Charles, P. & Wagner, R. “Black Holes in Binary Stars: Weighing the Evidence.” Sky & Telescope (May 1996): 38. Excellent review of how we find stellar-mass black holes.
Gezari, S. “Star-Shredding Black Holes.” Sky & Telescope (June 2013): 16. When black holes and stars collide.
Jayawardhana, R. “Beyond Black.” Astronomy (June 2002): 28. On finding evidence of the existence of event horizons and thus black holes.
Nadis, S. “Black Holes: Seeing the Unseeable.” Astronomy (April 2007): 26. A brief history of the black hole idea and an introduction to potential new ways to observe them.
Psallis, D. & Sheperd, D. “The Black Hole Test.” Scientific American (September 2015): 74–79. The Event Horizon Telescope (a network of radio telescopes) will test some of the stranger predictions of general relativity for the regions near black holes. The September 2015 issue of Scientific American was devoted to a celebration of the 100th anniversary of the general theory of relativity.
Rees, M. “To the Edge of Space and Time.” Astronomy (July 1998): 48. Good, quick overview.
Talcott, R. “Black Holes in our Backyard.” Astronomy (September 2012): 44. Discussion of different kinds of black holes in the Milky Way and the 19 objects known to be black holes.
Bartusiak, M. “Catch a Gravity Wave.” Astronomy (October 2000): 54.
Gibbs, W. “Ripples in Spacetime.” Scientific American (April 2002): 62.
Haynes, K., & Betz, E. “A Wrinkle in Spacetime Confirms Einstein’s Gravitation.” Astronomy (May 2016): 22. On the direct detection of gravity waves.
Sanders, G., and Beckett, D. “LIGO: An Antenna Tuned to the Songs of Gravity.” Sky & Telescope (October 2000): 41.
Black Hole Encyclopedia: http://blackholes.stardate.org. From StarDate at the University of Texas McDonald Observatory.
Black Holes: http://science.nasa.gov/astrophysics/focus-areas/black-holes. NASA overview of black holes, along with links to the most recent news and discoveries.
Introduction to Black Holes: https://www.newscientist.com/article/dn18348-introduction-black-holes/. Basic information from New Scientist magazine.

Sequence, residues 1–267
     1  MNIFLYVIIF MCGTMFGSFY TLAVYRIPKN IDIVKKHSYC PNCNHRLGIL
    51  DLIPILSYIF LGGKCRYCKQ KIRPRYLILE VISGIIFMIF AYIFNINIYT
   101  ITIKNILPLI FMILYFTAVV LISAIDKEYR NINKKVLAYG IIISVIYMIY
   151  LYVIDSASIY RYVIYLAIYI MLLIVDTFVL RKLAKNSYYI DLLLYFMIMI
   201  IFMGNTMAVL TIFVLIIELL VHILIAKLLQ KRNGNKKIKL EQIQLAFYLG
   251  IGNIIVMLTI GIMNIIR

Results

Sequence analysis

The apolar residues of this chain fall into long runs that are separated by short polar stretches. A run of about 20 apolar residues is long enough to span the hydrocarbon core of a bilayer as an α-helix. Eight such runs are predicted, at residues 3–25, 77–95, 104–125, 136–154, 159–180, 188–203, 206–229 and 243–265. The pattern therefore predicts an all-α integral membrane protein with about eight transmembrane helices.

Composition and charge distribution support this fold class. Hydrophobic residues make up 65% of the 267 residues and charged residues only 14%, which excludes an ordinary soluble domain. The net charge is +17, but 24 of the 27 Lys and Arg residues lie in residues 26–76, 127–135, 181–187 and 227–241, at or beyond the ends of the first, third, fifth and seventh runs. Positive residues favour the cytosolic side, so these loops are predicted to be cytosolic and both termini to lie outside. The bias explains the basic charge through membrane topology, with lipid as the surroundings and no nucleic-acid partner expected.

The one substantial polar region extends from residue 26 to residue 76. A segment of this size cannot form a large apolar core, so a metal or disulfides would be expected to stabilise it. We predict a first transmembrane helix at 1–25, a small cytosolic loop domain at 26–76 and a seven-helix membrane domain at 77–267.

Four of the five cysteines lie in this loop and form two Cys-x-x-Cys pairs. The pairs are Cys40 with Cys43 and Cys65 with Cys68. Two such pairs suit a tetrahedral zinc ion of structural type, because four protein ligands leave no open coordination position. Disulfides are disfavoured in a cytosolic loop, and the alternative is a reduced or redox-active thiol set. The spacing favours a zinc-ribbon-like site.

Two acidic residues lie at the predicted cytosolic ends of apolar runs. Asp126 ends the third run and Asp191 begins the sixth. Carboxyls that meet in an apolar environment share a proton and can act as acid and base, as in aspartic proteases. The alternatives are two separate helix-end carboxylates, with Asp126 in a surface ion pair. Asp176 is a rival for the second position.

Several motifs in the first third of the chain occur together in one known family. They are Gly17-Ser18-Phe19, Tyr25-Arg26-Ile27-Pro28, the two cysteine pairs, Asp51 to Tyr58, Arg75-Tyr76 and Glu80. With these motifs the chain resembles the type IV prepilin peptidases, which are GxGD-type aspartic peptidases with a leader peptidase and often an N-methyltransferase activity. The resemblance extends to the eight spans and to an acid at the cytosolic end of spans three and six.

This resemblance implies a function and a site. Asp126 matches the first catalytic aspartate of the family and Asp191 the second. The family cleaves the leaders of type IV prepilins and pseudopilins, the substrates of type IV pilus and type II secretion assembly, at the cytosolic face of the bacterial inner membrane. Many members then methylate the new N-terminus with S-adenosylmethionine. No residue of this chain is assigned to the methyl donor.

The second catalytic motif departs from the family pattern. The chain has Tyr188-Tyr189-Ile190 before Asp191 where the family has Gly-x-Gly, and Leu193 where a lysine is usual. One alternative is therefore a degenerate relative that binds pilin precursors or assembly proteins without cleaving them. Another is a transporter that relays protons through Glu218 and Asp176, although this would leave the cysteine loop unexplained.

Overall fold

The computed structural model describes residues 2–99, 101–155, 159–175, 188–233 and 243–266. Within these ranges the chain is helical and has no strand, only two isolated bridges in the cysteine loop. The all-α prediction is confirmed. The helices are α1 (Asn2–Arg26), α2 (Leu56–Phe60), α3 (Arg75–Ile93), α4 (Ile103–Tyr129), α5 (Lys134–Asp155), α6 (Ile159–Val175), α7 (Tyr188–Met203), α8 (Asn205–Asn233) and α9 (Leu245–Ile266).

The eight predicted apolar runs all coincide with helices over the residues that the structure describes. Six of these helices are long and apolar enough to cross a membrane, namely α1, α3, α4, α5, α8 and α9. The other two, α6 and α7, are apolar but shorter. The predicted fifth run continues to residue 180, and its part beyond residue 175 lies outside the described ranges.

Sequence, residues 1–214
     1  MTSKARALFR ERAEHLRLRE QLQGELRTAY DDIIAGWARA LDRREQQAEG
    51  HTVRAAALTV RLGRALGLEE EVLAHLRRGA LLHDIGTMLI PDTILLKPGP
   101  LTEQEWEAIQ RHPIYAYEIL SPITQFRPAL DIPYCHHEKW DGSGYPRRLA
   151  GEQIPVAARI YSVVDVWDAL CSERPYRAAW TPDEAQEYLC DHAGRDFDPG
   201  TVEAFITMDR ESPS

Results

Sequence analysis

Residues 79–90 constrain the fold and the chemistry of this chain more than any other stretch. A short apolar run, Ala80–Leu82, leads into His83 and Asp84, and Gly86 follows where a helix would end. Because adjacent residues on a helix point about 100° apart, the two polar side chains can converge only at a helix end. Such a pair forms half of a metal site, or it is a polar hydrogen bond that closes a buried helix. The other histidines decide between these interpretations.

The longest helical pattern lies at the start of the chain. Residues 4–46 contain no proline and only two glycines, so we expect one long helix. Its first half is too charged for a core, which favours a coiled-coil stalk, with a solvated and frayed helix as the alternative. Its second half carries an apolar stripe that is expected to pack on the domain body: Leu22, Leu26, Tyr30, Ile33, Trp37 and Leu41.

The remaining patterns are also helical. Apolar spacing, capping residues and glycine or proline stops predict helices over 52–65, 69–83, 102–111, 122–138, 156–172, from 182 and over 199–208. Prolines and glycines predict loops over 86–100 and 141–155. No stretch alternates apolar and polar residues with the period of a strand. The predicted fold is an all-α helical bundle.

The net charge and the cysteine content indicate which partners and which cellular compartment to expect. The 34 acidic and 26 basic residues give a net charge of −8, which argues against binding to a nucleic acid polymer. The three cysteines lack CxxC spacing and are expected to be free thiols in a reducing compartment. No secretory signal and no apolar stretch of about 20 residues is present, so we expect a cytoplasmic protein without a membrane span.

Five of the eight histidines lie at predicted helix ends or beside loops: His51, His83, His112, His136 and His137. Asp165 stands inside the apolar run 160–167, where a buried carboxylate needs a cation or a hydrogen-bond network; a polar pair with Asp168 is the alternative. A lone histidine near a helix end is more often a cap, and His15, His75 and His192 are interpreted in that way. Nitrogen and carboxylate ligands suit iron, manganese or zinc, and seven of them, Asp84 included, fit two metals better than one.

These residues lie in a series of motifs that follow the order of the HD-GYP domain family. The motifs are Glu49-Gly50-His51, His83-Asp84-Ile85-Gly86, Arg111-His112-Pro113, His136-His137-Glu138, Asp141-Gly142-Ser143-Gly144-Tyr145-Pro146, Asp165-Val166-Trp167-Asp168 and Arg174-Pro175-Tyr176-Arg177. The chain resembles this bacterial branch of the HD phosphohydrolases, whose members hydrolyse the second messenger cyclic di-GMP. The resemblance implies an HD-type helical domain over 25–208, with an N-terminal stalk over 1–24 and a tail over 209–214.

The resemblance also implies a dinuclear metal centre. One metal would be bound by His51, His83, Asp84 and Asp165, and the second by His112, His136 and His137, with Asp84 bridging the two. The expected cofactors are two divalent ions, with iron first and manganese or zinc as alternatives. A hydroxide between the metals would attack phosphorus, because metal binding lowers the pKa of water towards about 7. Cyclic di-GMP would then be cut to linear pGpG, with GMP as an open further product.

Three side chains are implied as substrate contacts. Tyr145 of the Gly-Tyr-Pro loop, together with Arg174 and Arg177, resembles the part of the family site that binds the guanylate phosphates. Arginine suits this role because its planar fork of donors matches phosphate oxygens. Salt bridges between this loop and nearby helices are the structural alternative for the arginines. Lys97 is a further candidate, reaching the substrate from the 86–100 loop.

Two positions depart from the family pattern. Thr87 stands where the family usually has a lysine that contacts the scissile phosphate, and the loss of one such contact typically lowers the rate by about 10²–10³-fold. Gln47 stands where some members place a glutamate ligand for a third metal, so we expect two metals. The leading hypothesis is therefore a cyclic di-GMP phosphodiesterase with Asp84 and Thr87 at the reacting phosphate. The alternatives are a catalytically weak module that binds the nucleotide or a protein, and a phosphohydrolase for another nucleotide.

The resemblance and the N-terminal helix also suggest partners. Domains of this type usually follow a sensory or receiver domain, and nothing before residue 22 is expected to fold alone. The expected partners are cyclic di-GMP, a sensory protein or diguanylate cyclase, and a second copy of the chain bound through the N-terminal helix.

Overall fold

Virtual Trips into Black Holes and Neutron Stars: http://antwrp.gsfc.nasa.gov/htmltest/rjn_bht.html. By Robert Nemiroff at Michigan Technological University.
Advanced LIGO: https://www.advancedligo.mit.edu. The full story on this gravitational wave observatory.
Gravitational Waves Detected, Confirming Einstein’s Theory: http://www.nytimes.com/2016/02/12/science/ligo-gravitational-waves-black-holes-einstein.html. New York Times article and videos on the discovery of gravitational waves.
Gravitational Waves Discovered from Colliding Black Holes: http://www.scientificamerican.com/article/gravitational-waves-discovered-from-colliding-black-holes1. Scientific American coverage of the discovery of gravitational waves (note the additional materials available in the menu at the right).
LIGO Caltech: https://www.ligo.caltech.edu.
Black Holes: The End of Time or a New Beginning?: https://www.youtube.com/watch?v=mgtJRsdKe6Q. 2012 Silicon Valley Astronomy Lecture by Roger Blandford (1:29:52).
Death by Black Hole: https://www.youtube.com/watch?v=h1iJXOUMJpg. Neil deGrasse Tyson explains spaghettification with only his hands (5:34).
Hearts of Darkness: Black Holes in Space: https://www.youtube.com/watch?v=4tiAOldypLk. 2010 Silicon Valley Astronomy Lecture by Alex Filippenko (1:56:11).
Journey of a Gravitational Wave: https://www.youtube.com/watch?v=FlDtXIBrAYE. Introduction from LIGO Caltech (2:55).
LIGO’s First Detection of Gravitational Waves: https://www.youtube.com/watch?v=gw-i_VKd6Wo. Explanation and animations from PBS Digital Studio (9:31).
Two Black Holes Merge into One: https://www.youtube.com/watch?v=I_88S8DWbcU. Simulation from LIGO Caltech (0:35).
What the Discovery of Gravitational Waves Means: https://www.youtube.com/watch?v=jMVAgCPYYHY. TED Talk by Allan Adams (10:58).